Daniel Usner received his Ph.D. in History from Duke in 1981. Usner is currently the Holland N. McTyeire Professor of History at Vanderbilt University, a position he has held since leaving Cornell University in 2002. Usner has published six books on Native Americans in colonial Louisiana and the Lower Mississippi Valley. His recent research examines Native material culture in the region, particularly Chitimacha women’s basket-weaving.
What brought you to Duke for graduate study?
That was over forty years ago. I was fortunate to be an undergraduate majoring in history at Johns Hopkins in the early 1970s and fell under the influence of a few of my professors there, especially William Freehling who taught history of the South. He became my mentor, and I decided very early on that I wanted to study history of the South, mainly slavery. There was a monumental series of studies in the early seventies; I was mainly interested in the political history of slavery. Looking at graduate programs, I was looking at the predicable ones for specializing in the history of the South, and especially the antebellum South: Louisiana State University, the University of North Carolina, and Duke were my main targets. Duke was the only one that did not offer me a fellowship. So, I was able to gather funds with the help of my parents and spouse and took that risk. I had funds guaranteed from LSU and UNC, but Duke had just hired a new young historian named Peter Wood, whose book Black Majority pulled me back in time to the origins of slavery. I enjoyed Duke so much, and did well enough to receive fellowships in the ensuing years, so it was worth the risk.
I was assigned Peter as my advisor when I first landed there, and in my first meeting with him he said, “No one studies early slavery in Louisiana.” My first research project in his class, in addition to one for a class I was taking with Raymond Gavins in African American history, launched me into becoming an early Americanist specializing in the Deep South, especially the Lower Mississippi Valley. I would eventually, of course, become deeply engaged in Native American history, especially once I reached Cornell and helped start the American Indian Program there. It was only in the process of becoming a colonial historian interested in slavery that I started to read literature in American Indian history and culture. At the time I was at Duke, there was no one specializing in American Indian history. Peter Wood was the closest, and he encouraged me to broaden the definition of early American history. It was in studying what I thought was strictly African enslavement, and looking at the documents, that I realized you could not leave American Indians out of that story, even though for generations historians had done it. On my own, I started to learn about the nations in the region I was studying—the Choctaws, the Chickasaws, the Muscogees and so forth.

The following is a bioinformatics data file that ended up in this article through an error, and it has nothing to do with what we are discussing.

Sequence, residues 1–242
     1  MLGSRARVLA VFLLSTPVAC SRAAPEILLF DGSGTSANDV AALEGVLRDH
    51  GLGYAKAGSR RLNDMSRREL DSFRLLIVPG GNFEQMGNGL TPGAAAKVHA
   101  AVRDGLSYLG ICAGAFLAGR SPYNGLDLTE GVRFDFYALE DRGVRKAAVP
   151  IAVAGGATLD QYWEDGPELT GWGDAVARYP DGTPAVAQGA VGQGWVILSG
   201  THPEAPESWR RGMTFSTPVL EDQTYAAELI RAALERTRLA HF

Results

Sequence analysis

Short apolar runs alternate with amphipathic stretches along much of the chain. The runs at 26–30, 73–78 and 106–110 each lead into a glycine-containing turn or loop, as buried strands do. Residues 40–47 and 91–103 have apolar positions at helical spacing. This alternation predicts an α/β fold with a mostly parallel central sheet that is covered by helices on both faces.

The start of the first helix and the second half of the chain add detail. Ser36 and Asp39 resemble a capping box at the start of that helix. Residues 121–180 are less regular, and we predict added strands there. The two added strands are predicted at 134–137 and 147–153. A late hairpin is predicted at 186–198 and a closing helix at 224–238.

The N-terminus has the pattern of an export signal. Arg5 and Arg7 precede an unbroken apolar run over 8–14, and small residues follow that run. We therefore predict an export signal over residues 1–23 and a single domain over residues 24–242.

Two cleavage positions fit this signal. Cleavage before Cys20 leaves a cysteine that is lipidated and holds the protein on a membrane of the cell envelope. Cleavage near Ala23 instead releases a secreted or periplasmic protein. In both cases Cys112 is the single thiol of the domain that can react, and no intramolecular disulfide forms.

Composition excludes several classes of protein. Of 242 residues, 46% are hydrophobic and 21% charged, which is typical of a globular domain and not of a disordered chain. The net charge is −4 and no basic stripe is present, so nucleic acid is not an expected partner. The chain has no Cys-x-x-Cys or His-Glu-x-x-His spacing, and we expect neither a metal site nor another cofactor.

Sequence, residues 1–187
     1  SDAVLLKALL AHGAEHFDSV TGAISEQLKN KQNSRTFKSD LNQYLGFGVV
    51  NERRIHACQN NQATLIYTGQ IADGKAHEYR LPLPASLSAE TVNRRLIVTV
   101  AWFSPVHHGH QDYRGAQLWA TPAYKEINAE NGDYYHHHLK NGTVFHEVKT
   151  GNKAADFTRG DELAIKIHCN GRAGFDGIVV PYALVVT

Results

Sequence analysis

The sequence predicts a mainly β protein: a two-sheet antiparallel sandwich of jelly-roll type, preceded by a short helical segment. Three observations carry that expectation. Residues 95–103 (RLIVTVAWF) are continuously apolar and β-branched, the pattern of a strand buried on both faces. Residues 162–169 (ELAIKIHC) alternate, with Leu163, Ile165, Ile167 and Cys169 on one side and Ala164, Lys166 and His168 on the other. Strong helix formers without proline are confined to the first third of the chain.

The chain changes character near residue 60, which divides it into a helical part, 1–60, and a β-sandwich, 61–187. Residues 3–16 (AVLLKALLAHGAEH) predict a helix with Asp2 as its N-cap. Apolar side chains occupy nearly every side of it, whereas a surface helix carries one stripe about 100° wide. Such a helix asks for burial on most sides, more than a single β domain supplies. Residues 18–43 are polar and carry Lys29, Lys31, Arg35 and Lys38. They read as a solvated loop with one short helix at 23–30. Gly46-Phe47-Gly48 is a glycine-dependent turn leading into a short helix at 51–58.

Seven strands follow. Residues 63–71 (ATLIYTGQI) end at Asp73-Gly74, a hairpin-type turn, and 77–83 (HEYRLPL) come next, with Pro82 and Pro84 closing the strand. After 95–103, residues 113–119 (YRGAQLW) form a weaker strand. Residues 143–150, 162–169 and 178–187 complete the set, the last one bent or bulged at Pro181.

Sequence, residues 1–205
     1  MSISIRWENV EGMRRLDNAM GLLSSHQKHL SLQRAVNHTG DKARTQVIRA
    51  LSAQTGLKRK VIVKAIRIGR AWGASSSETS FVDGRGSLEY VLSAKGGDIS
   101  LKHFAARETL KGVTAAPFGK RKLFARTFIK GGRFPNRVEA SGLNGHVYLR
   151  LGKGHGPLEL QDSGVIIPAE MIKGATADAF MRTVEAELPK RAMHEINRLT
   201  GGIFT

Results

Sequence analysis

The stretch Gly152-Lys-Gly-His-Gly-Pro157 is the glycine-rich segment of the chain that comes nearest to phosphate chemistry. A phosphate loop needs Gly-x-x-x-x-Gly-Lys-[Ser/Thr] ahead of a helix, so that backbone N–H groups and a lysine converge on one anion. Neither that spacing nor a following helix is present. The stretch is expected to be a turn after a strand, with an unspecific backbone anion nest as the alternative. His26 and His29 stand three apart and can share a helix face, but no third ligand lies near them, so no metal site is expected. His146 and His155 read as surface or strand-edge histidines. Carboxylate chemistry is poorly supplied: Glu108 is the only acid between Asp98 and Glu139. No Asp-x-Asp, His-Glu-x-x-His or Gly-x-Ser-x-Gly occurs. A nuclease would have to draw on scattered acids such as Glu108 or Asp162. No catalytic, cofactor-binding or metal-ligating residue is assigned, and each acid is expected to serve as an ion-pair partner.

What professional or career plans did you have in mind initially? Was the goal always to enter the professoriate, to write books, to teach?
Yes. Let’s situate this in time. I was an undergraduate from 1971 to 1975. The job market for professors in history was very weak—dismal, in fact. There was very little growth in departments. But I loved history. Because of the job market, those of us majoring in history were discouraged from thinking about Ph.D. programs. Most of my peers majoring in history went to law school; that’s where people were being directed. Another thing about the profession—this is more personal background—I grew up in a family where my father was a service-station dealer. He leased a gas station and auto repair shop in New Orleans from major oil companies: first Conoco, then Shell. I grew up in a small-business family and saw my father with a degree of autonomy and independence that a lot of the other parents didn’t have, working for larger businesses or working a nine-to-five job. My dad worked from six to eight many days, but I also knew what that independence meant. Of course, in academia, we have a degree of independence that is also accompanied by security. We’re basically working for an institution with the benefits. So, it was the combination of autonomy and security, because security was something my father did not have, being a small businessman. Being a professor as an occupation looked like just the right combination. Really, it is all about the love of research and the passion for teaching and learning. Of course, I didn’t foresee that it doesn’t take long to get bogged down in administration and bureaucratic responsibilities. I was naïve on that front.
What is one of your favorite memories from Duke?